• As mentioned in my earlier post, the axes of rotation for the bones in the SL skeleton differ from the Blender skeleton. That is, in the Blender skeleton, the Y axis always points along the length of the bone. In the SL skeleton, it varies between bones.
    • Furthermore, the order of rotation for the Euler angles varies from bone to bone in the SL skeleton. I have had to employ code to convert from one order to another to correct for this. It seems to have done the trick.
    • SL has a bug which duplicates the first frame of an animation. (VWR-3783)
    • Using IK on the Blender skeleton, especially in the legs, tends to cause jittering in the SL skeleton — that is, wobbly knees and ankles. My best guess at the moment as to the cause of this is SL’s insistence on converting all joint angles to integer degrees. Subtlety, be banished!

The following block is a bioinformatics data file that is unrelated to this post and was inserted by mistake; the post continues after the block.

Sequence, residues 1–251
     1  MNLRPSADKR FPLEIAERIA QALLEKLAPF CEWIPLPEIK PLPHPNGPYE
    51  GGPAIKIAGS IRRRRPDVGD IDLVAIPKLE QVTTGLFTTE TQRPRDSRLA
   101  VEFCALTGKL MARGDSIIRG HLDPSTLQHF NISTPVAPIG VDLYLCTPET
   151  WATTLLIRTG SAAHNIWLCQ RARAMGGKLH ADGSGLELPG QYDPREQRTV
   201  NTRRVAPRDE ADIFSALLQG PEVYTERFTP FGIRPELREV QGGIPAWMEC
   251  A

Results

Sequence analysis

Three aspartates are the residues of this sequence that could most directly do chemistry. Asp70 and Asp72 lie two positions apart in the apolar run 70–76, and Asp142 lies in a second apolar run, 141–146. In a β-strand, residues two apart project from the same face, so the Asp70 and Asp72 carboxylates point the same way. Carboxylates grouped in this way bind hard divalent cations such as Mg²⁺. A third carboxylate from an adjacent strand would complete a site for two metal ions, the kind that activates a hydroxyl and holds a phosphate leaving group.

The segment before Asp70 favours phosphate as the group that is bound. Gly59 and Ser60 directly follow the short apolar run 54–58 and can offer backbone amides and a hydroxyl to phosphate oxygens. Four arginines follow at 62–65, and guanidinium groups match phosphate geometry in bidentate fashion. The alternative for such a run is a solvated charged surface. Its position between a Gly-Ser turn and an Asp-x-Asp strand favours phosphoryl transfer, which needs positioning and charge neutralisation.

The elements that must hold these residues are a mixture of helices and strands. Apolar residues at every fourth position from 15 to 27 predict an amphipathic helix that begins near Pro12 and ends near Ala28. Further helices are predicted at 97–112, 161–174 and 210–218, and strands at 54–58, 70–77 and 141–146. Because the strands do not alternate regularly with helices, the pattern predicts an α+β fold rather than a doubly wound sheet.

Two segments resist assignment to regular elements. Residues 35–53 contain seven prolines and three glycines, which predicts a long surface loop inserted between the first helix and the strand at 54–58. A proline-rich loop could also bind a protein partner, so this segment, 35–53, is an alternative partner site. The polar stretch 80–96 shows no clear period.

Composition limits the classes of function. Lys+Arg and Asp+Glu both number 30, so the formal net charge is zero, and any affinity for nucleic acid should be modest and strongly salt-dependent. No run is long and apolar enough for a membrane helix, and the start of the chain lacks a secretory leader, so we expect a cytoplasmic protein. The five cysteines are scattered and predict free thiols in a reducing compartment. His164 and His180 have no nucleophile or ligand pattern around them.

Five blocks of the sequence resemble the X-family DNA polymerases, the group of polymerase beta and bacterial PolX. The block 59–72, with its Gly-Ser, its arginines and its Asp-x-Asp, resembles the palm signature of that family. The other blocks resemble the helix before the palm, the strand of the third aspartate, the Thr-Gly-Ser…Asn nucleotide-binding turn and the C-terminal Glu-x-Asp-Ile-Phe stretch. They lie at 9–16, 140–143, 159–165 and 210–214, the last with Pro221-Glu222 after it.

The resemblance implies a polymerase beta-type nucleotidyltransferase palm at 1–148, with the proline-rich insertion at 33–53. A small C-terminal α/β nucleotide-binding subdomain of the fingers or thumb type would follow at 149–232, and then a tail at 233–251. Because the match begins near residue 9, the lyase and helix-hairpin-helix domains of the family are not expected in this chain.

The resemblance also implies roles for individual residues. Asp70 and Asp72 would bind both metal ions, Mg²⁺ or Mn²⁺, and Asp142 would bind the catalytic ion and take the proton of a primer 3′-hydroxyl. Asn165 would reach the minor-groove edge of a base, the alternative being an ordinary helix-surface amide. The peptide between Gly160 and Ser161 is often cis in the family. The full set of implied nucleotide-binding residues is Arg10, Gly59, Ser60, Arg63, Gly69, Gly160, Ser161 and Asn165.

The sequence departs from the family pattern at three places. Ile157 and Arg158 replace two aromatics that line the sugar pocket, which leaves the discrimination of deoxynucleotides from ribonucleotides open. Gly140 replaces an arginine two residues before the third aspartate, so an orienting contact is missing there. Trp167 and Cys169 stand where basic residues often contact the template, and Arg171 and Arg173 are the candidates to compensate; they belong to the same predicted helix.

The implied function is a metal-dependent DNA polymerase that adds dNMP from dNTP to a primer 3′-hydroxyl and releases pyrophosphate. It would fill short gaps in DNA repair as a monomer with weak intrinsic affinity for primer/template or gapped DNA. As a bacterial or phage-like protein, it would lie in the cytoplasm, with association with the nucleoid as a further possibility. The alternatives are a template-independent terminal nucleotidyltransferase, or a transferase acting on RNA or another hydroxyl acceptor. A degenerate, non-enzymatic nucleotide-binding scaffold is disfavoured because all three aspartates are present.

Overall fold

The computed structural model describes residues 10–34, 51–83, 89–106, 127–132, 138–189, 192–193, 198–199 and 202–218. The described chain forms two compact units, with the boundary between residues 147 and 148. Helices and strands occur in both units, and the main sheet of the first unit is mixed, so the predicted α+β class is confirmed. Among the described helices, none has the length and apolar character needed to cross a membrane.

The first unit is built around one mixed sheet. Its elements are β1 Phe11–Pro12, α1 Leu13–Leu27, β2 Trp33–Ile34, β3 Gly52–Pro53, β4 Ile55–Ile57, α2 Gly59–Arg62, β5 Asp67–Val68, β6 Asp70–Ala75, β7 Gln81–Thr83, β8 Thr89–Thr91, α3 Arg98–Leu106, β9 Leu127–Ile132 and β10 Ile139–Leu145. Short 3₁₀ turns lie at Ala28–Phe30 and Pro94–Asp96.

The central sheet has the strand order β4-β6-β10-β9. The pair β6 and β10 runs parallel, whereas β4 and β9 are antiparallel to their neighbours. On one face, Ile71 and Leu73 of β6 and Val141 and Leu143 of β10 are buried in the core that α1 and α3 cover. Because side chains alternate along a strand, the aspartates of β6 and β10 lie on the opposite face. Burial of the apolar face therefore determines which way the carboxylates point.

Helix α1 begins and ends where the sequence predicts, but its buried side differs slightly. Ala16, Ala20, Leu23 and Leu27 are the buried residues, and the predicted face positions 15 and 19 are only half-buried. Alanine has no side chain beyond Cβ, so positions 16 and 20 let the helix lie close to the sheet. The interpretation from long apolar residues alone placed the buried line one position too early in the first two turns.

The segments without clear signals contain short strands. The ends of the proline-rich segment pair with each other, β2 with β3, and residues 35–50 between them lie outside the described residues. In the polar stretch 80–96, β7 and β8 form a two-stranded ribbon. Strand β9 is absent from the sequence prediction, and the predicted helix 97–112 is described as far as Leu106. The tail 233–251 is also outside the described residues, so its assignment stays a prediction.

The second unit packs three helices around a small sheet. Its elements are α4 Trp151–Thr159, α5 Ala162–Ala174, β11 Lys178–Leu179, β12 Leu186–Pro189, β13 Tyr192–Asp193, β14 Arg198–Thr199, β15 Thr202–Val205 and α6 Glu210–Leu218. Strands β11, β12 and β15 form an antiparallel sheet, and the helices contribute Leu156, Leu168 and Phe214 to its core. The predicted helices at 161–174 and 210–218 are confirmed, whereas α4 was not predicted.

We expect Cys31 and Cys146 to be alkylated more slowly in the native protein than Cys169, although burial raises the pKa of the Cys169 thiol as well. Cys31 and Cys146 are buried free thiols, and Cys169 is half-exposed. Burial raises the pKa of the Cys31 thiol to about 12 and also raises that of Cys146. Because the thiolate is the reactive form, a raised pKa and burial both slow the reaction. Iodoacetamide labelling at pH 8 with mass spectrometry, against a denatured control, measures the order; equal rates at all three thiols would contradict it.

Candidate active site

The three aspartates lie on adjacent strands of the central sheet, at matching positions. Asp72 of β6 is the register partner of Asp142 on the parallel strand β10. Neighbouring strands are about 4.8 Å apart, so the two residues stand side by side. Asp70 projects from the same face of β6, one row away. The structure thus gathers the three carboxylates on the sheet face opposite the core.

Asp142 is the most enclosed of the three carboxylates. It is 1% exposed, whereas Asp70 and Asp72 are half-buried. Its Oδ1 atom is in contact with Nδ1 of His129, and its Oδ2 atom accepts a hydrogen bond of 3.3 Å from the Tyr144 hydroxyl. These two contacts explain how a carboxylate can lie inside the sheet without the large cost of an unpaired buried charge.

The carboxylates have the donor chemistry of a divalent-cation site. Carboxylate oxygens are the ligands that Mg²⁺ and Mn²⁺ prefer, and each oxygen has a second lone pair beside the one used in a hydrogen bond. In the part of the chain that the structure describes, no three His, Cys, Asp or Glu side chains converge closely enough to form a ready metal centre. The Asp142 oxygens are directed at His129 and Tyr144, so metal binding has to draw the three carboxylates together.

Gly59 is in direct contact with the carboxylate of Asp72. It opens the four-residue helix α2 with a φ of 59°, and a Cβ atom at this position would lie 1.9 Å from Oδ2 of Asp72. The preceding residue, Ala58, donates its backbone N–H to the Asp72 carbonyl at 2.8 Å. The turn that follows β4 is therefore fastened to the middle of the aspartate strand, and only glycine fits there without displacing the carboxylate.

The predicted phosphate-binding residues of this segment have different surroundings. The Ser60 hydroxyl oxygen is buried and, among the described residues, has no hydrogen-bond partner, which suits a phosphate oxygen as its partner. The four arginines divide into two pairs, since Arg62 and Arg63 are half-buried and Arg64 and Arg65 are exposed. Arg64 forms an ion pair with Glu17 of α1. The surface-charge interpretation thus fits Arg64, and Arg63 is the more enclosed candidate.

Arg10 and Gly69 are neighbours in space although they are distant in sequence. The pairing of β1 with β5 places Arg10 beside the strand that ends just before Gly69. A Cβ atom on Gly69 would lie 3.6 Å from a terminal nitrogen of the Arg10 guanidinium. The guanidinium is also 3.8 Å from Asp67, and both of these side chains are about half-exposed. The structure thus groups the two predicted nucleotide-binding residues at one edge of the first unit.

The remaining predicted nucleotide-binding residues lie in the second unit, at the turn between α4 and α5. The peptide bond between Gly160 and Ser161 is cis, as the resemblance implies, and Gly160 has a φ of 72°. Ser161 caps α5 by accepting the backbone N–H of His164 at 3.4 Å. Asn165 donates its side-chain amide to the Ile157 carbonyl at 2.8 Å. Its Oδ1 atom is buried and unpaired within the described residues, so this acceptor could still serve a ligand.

• Certain rotations result in a significant difference in the appearance of the animation. I’m pinning the blame for this one on Gimbal Lock. That’s right, I’m looking at you, Mr. Lock.

    Nevertheless, my animation exporter script is a very significant step up from Qavimator: smooth blending between keyframes (controlled by my most-beloved BĂ©zier curves); custom rigs for different types of animations; inverse kinematics to provide that extra stick in the feet; layering and blending single actions to create longer animations; and all the rest.